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RE: Proposal: not having mapping for the translatability and the dir category

From: Yves Savourel <yves@opentag.com>
Date: Wed, 15 Mar 2006 22:21:21 -0700
To: <public-i18n-its@w3.org>
Message-ID: <004d01c648b9$7732b7c0$0300a8c0@Breizh>

Hi all,

Felix, thank you for posting this summary quickly.
All: Please, make sure to look at it and comment as needed. We should be able to make a decision on this proposal during the next
regular teleconference.

My comments:

I share Felix's view on not having mapping for translate and dir.

I understand the interest of having a mapping on each data category from a conceptual viewpoint, but I think it would add
un-necessary efforts on the implementation side, while not adding any additional function since any mapping on data category
realized using a finite list of values can be done using the selection mechanism.

I see a possible reasonable boundary: We would have mapping for the cases where the information to access is not enumerable:
locInfo, locInfoRef, termRef, ruby (all the attributes needed) and language.

Cheers,
-yves


-----Original Message-----
From: public-i18n-its-request@w3.org [mailto:public-i18n-its-request@w3.org] On Behalf Of Felix Sasaki
Sent: Wednesday, March 15, 2006 7:45 PM
To: public-i18n-its@w3.org
Subject: Proposal: not having mapping for the translatability and the dir category

Hi,

This is my proposal on not having mapping for the translatability and the dir category.

- Background discussion: You might read the thread starting at
http://lists.w3.org/Archives/Public/public-i18n-its/2006JanMar/0261.html .

My arguments against @translateMap and @dirMap:

- Having mapping attributes for translatability and dir provides new syntax, but not new functionality.

- Sebastian mentioned the use case of having ITS markup declarations in a schema "xyz", but within the namespace of that schema.
That is:
<!ELEMENT xyz:bla ...>
<!ATTLIST xyz:bla xyz:translate (yes|no) #IMPLIED> my solution would be:
<its:translateRule its:select="//xyz:bla[@xyz:translate='yes']"
its:translate="yes"/>
<its:translateRule its:select="//xyz:bla[@xyz:translate='no']"
its:translate="no"/>
Sebastian's solution would be (I think)
<its:translateRule its:select="//xyz:bla"
its:translateMap="@xyz:translate"/>
My solution is more verbose, but
	* it fulfills the same purpose as Sebastian's
	* assuring whether s.t. is selecting relies only on the "success" of applying XPath in the instance. With Sebastian, this
assurance relies on having the "xyz" schema available for document creation / validation. My understanding is, that this might not
always be the case, given localization scenarios with a long chain of participants.

- Having mapping attributes for translatability and dir forces the user to make more decisions: should I use the map attributes, the
"add information" attributes, both, ...?

- On the argument of the benefit of having the same mechanisms for all data categories: I think this does not count, because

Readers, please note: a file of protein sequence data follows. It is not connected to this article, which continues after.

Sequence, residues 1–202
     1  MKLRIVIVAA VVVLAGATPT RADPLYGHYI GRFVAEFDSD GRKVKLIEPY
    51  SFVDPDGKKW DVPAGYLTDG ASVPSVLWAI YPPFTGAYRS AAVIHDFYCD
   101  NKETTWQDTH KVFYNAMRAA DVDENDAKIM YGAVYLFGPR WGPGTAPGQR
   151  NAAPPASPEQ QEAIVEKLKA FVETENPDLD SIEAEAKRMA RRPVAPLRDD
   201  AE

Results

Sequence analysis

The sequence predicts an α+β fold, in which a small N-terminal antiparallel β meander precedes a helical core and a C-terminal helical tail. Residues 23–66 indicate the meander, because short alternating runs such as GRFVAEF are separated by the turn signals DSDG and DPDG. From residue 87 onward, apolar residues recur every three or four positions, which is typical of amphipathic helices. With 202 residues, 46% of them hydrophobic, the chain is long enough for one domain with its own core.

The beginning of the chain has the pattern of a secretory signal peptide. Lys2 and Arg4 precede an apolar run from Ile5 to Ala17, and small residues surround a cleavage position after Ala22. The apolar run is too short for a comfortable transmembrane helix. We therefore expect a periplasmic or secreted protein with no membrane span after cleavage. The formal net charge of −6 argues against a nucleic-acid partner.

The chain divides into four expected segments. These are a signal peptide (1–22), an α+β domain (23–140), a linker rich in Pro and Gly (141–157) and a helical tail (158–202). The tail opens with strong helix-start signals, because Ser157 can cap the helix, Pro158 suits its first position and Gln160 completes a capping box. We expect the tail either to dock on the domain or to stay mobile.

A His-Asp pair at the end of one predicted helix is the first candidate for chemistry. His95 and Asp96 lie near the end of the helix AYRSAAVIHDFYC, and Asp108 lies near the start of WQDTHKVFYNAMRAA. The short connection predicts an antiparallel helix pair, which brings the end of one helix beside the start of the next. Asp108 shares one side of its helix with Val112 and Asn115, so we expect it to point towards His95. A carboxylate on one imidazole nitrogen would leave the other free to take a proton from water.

* There are data categories, which need only mapping (e.g. the lang category), there are others, which need only "adding
information" (e.g.
translate), there are others, which could use both (e.g. locInfo). I don't see a need to require only for mapping that it should be
possible for every data category.
	* Mapping and burden on implementors / users: having mapping for translate is a burden for implementors and users. Given
also the discussion with the DITA folks, My impression is: a user / implementer will *not* say
		a) "What (mapping, selecting, ...) mechanisms does ITS provide?", but rather
		b) "I want to express information about a data category (e.g.
translatability): How can I do it?"
	  That is: people will not be confused by not having every mechanism at every data category, but rather by having mechanisms
without a benefit for the data category which they want to use.

- On the argument of "clean" design of ITS (brought up by Sebastian
yesterday):
I like dirty, but useful design :)
To be serious: From a users / implementors / conformance point of view, it seems to be likely that we will have a conformance for
each data category separately. That is: what seems to be "clean" from a conformance perspective "having all data categories at
once", is quite "unclean" from the "just one category" perspective.

- On general importance of "mapping": I am afraid that we are loosing our perspective. IMO it should not be "let's describe
everything with equal importance, which is possible with ITS?", but rather "let's concentrate on core features". Mapping is not a
core feature (IMO), hence it should not have an influence on the general design of ITS. What we did in Mandelieu (going through all
possible usage scenarios for all data categories) was very good. But it must not disturb our perspective.

Looking forward for feedback. Best regards, Felix.
Received on Thursday, 16 March 2006 05:21:41 UTC

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